Measuring lead exposure in the workplace

Measuring lead exposure in the workplace

Lead is an extremely dangerous substance that has been widely outlawed in most sectors of society. Unfortunately, there are still places across the planet where the legacy of lead can be seen and felt. The first step to protecting workers from lead exposure is education, and the second step is to arrange workplace lead risk assessments and monitoring. In this article, we take a look at which workplaces have the highest risk of lead exposure, signs of lead poisoning, and how measuring lead exposure is conducted in workplaces. 

Which workplaces feature risky levels of lead? 

Battery manufacturing facilities 

Lead is commonly used in the production of batteries, and workers in battery manufacturing facilities may be exposed to dangerous levels of lead fumes and/or dust. 

Lead smelting and refining plants 

Lead is extracted from ore in these facilities, and workers may be exposed to dangerous levels of lead while working at these locations. 

Lead-based paint removal sites 

Lead-based paint was commonly used in years past, and workers involved in the manufacturing or removal of old lead-based paint may be exposed to dangerous levels of lead dust. 

Construction sites 

Lead is often found in older buildings, particularly in the form of lead-based paint. Workers involved in the remodelling or demolition of these buildings may be exposed to lead while on the job. 

Steel and metal production facilities 

People that work in facilities where steel and other metals are produced may be exposed to lead from the use of lead-containing alloys and the burning of fuels containing lead.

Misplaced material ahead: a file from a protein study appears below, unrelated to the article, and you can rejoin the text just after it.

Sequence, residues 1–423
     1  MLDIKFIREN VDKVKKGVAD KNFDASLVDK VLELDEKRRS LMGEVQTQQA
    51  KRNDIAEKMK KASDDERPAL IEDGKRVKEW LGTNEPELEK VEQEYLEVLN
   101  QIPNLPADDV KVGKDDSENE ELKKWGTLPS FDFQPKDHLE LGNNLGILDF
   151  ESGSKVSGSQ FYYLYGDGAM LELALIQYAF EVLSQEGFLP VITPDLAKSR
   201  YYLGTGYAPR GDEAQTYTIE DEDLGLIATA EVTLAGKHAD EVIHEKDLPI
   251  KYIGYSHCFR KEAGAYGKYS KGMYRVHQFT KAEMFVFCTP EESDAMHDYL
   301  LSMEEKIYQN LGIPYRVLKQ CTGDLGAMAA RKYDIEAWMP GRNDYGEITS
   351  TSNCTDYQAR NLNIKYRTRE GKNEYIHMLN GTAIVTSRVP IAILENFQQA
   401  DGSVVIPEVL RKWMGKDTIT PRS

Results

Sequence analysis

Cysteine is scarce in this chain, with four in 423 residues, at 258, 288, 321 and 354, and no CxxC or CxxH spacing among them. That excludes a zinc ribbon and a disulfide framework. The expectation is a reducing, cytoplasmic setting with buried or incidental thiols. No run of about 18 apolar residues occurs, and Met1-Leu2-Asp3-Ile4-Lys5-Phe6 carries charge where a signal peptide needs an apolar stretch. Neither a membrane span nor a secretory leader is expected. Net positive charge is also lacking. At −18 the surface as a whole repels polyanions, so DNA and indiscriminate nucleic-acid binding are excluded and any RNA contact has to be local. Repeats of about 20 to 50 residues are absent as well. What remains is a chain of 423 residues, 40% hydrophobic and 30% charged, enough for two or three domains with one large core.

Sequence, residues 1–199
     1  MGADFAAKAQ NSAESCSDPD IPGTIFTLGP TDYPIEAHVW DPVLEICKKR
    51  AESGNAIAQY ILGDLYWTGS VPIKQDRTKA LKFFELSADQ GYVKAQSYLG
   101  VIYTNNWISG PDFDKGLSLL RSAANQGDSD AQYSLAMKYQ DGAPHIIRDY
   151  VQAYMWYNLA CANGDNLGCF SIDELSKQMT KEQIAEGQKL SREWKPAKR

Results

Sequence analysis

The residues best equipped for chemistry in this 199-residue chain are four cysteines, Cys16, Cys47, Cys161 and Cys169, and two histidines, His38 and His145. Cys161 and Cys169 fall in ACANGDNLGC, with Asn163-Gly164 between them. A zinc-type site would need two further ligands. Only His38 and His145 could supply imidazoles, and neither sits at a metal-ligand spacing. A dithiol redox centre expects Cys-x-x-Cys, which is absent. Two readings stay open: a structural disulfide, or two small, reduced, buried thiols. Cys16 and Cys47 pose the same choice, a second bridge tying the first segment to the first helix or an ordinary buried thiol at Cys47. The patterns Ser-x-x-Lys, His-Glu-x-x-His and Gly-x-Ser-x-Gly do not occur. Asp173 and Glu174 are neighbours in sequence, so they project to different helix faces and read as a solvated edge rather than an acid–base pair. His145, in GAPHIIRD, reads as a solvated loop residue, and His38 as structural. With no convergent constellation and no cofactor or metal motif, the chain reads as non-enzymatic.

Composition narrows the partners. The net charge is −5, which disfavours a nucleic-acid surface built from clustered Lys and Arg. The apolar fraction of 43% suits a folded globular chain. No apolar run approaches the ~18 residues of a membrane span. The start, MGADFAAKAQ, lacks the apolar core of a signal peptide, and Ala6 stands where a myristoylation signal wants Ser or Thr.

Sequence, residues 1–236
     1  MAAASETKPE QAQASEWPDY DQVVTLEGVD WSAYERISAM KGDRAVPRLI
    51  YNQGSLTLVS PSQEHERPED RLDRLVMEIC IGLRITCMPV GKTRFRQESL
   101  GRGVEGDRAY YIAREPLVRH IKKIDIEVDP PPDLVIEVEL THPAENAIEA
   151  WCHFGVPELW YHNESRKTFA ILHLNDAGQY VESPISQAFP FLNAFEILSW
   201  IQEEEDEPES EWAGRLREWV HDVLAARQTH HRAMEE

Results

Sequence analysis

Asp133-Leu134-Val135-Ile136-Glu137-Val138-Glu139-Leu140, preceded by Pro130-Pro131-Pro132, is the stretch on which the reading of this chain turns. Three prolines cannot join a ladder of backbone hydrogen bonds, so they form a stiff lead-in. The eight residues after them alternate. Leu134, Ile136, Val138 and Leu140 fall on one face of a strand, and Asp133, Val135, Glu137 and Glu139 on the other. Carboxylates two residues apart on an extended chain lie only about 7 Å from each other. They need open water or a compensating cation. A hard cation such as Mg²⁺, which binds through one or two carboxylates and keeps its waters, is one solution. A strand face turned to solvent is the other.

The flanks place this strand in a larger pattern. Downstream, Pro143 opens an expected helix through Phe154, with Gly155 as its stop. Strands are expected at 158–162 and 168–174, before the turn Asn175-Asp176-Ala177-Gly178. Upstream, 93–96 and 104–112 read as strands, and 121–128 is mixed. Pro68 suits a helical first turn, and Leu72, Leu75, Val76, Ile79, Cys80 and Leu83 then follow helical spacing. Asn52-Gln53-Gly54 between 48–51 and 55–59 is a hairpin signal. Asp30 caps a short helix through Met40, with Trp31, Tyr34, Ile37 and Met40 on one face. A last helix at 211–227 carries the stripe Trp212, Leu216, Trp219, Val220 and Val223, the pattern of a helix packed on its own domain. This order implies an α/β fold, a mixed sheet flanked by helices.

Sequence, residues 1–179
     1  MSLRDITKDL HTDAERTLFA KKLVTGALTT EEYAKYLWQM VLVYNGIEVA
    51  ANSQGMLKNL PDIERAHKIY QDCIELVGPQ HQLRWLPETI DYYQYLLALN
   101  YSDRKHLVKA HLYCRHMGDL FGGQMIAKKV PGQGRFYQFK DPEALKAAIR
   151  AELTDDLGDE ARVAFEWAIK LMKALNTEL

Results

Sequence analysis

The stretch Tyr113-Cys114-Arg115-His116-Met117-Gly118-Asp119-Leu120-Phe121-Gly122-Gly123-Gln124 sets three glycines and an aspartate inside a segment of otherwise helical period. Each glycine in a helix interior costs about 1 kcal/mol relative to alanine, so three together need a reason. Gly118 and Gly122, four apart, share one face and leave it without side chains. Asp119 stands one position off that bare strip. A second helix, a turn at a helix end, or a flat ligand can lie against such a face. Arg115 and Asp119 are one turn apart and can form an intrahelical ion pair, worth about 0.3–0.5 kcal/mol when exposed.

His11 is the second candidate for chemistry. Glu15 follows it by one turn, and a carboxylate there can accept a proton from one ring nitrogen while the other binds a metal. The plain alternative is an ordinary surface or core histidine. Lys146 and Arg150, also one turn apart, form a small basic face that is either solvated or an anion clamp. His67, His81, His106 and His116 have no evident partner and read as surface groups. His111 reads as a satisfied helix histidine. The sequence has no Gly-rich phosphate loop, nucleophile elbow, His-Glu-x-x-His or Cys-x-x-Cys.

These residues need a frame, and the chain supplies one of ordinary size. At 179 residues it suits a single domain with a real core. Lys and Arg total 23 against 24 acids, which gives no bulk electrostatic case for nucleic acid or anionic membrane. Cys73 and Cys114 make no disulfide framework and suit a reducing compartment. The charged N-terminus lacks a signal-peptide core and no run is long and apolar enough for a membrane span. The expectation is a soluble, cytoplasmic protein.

Signs of workplace lead poisoning 

Lead exposure is a serious health risk, whether found inside or outside of the workplace. Below is a list of the main symptoms of lead exposure, ranging from most common to less common. However, all of these are dangerous and should be addressed immediately once recognised. 

  1. Abdominal pain 
  2. Constipation 
  3. Fatigue or weakness. 
  4. Headaches 
  5. Irritability 
  6. Difficulty sleeping 
  7. Memory or concentration problems 
  8. Reduced sperm count or fertility in men 
  9. Miscarriage or premature birth in women 
  10. Developmental delays in children.  

How does measuring lead exposure in workplaces work? 

Workplace lead levels can be measured using a few methods, including air sampling and wipe sampling (on surfaces). Air sampling involves drawing a volume of air through a filter or collection medium and analyzing the collected samples for the presence of lead.

Wipe sampling involves wiping a surface with a piece of pre-weighed filter paper and then analyzing the samples for the presence of lead. Other methods of lead measurement include X-ray fluorescence.  

Arrange workplace lead risk assessments and monitoring 

Apex Environmental is able to compile an inventory of the lead-containing materials existing within your premises in order to satisfy the requirements of the Lead Regulations of 2002. This survey identifies the location and approximate quantity, condition and potential health risk of any lead and lead-containing materials existing within a workplace. Contact Apex Environmental to arrange workplace lead risk assessments and monitoring in South Africa.